ingredient information
Manioc Starch Modified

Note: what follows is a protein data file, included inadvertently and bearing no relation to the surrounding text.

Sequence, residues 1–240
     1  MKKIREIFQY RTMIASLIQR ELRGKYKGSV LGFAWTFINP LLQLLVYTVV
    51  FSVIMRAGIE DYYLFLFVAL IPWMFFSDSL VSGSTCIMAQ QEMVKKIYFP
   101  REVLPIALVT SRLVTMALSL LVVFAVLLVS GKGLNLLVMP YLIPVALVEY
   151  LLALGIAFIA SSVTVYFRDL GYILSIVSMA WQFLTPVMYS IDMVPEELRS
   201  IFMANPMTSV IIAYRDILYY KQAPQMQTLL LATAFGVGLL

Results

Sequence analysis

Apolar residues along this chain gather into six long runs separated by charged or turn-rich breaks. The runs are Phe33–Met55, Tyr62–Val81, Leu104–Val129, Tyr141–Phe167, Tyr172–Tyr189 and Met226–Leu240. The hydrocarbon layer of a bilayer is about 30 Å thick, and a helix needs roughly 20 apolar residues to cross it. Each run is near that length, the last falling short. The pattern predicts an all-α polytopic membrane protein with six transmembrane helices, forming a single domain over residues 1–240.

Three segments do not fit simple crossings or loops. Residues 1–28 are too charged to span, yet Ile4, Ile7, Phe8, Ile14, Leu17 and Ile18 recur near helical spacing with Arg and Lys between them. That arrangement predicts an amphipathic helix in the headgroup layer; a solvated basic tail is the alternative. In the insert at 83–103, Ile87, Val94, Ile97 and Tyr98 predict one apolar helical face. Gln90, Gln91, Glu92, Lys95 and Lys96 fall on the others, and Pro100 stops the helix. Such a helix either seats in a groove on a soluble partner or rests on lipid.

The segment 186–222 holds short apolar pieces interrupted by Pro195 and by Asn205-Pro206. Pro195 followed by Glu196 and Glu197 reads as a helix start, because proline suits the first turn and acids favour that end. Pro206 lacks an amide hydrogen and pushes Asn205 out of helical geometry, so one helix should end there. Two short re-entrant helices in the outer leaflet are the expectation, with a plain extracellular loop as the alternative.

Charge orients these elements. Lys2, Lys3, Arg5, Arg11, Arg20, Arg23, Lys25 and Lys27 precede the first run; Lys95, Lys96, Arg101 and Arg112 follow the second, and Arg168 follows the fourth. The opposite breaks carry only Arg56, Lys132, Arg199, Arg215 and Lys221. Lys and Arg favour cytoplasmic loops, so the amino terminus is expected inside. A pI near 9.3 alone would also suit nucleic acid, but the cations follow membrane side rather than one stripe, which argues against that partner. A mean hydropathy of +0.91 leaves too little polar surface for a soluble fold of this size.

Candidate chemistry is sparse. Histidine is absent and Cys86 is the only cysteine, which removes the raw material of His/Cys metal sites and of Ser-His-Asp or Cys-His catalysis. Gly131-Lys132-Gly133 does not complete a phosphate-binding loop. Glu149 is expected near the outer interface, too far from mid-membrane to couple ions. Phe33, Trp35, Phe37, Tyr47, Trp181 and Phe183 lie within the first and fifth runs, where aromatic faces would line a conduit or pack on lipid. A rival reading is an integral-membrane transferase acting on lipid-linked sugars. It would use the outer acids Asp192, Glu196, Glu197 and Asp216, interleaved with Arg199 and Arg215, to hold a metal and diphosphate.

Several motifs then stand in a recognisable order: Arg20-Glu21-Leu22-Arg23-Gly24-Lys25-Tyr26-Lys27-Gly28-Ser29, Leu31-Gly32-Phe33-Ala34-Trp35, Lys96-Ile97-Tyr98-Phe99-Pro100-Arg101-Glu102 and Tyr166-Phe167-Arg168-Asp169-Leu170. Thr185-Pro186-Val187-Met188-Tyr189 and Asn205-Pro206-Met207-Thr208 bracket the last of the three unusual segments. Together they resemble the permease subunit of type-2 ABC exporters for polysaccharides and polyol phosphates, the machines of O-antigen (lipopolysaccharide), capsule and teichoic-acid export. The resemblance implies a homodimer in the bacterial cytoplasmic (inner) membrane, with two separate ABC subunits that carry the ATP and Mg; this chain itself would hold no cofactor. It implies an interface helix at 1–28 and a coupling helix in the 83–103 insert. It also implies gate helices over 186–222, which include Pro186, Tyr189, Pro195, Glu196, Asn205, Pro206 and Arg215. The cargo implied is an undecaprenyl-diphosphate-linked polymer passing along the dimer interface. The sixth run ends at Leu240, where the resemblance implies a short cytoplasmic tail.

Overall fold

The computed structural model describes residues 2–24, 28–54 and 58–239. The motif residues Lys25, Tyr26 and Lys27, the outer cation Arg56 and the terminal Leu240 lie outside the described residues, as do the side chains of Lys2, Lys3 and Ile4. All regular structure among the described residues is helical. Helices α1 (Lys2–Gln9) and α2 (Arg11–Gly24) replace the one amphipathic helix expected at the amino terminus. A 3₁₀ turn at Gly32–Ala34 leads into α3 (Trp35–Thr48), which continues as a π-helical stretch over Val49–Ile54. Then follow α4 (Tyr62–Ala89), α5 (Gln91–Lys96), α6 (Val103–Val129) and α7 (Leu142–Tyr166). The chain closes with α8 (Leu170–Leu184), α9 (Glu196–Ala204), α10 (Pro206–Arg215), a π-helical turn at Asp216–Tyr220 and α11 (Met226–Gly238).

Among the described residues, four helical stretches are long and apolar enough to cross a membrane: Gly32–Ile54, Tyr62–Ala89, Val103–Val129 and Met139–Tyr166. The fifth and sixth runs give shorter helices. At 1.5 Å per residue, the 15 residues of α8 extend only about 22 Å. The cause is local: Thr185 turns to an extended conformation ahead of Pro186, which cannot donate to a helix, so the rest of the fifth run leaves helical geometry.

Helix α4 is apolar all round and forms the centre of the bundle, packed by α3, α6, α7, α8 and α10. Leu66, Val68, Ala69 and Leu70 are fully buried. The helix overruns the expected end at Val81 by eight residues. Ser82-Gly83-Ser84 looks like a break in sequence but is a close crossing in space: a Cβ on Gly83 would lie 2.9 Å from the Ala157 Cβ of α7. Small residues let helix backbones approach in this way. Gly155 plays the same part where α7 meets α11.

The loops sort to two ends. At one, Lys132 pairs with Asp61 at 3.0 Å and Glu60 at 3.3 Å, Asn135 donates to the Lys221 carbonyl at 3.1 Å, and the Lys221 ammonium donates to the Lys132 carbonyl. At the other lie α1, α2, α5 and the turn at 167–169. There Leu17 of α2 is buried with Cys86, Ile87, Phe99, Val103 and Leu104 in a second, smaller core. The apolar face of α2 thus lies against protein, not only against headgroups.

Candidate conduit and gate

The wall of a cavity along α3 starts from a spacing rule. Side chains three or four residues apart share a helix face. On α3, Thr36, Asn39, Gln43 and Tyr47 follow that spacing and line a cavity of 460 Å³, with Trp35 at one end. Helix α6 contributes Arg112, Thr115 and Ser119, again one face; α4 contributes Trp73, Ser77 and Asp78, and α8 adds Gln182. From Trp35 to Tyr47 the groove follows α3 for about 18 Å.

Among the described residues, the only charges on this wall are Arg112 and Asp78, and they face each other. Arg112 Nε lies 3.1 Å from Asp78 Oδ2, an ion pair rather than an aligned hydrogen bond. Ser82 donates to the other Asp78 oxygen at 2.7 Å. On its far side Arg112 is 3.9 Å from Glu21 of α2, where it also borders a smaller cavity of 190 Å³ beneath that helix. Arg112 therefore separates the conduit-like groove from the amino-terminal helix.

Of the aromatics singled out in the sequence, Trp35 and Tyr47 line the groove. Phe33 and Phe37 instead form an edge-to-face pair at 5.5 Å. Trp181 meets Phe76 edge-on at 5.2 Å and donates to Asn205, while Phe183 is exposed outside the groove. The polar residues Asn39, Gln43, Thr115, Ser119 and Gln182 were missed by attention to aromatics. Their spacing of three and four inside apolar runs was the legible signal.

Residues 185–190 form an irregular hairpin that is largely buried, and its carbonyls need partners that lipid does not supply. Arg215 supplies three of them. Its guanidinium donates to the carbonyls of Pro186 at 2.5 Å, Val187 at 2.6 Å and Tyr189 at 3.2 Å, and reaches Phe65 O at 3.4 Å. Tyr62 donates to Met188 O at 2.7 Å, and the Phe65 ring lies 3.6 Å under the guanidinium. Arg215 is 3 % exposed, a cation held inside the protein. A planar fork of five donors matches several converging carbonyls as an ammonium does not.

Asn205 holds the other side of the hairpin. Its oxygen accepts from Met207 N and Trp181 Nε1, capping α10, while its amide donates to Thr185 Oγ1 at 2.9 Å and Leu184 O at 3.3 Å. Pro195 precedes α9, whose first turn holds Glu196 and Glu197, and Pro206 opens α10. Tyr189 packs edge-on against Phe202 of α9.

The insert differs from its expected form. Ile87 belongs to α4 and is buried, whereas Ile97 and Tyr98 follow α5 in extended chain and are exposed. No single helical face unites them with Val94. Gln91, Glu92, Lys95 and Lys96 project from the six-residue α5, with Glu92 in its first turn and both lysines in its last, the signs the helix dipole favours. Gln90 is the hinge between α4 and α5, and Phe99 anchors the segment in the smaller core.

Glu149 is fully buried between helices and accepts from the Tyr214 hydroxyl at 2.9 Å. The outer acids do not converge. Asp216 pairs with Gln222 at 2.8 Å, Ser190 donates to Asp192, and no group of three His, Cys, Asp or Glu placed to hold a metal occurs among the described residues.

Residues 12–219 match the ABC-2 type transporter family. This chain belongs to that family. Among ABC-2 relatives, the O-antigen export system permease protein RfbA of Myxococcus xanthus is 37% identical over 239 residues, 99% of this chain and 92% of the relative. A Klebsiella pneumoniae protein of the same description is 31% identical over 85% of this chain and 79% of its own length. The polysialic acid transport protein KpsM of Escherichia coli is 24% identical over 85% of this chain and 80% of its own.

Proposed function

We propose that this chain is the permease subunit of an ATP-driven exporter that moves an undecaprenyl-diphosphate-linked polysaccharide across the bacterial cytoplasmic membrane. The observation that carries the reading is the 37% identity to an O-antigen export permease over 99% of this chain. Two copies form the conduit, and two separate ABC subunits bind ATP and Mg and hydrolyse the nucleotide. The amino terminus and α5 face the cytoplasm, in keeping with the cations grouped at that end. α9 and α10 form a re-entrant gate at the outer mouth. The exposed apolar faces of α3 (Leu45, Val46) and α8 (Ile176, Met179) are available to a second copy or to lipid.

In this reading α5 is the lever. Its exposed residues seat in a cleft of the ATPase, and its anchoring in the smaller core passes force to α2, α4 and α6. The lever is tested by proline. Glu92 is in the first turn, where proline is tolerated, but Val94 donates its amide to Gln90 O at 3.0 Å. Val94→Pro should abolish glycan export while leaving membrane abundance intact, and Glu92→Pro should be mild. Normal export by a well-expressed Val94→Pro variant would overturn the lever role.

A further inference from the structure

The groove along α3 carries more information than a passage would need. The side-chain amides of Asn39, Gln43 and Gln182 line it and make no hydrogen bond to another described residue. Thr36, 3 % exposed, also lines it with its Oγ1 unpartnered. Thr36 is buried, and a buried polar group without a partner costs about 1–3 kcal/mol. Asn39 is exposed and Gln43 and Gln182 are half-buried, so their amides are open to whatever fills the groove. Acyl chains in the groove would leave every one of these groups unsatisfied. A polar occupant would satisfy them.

Cassava, yuca, or manioc (Manihot esculenta) is a woody shrub of the Euphorbiaceae (spurge family) native to South America that is extensively cultivated as an annual crop in tropical and subtropical regions for its edible starchy tuberous root, a major source of carbohydrates. Cassava is the third[1] largest source of carbohydrates for human food in the world, with Africa its largest center of production. The flour made of the roots is called tapioca. [2] Cassava is classified as "sweet" or "bitter" depending on the level of toxic cyanogenic glucosides. Improper preparation of bitter cassava leads to a large number of cases of a disease called konzo. Nevertheless, farmers often prefer the bitter varieties because they deter pests, animals, and thieves.[4]. The name "cassava" is sometimes spelled cassaba or cassada. [3]. In English language publications, the plant may be occasionally called by local names, such as yuca (most of Spanish-speaking Americas), mandioca, aipim, or macaxera (Brazil), kassav (Haiti), mandi´o (Paraguay), akpu or ugburu (Nigeria),bankye(Twi-Speaking Ghana), mogo or mihogo (Swahili-speaking Africa), kappa (India), maniok (Sri Lanka), singkong (Indonesia), ubi kayu (Malaysia), kamoteng kahoy or balanghoy (Philippines), mushu (China), c? s?n or khoai mì (Vietnam), manioke or manioca (Polynesia) [4]. Starch or amylum is a polysaccharide carbohydrate consisting of a large number of glucose units joined together by glycosidic bonds. Starch is produced by all green plants as an energy store and is a major food source for humans. Pure starch is a white, tasteless and odorless powder that is insoluble in cold water or alcohol. It consists of two types of molecules: the linear and helical amylose and the branched amylopectin. Depending on the plant, starch generally contains 20 to 25% amylose and 75 to 80% amylopectin.[1] Glycogen, the glucose store of animals, is a more branched version of amylopectin. Starch can be used as a thickening, stiffening or gluing agent when dissolved in warm water, giving wheatpaste.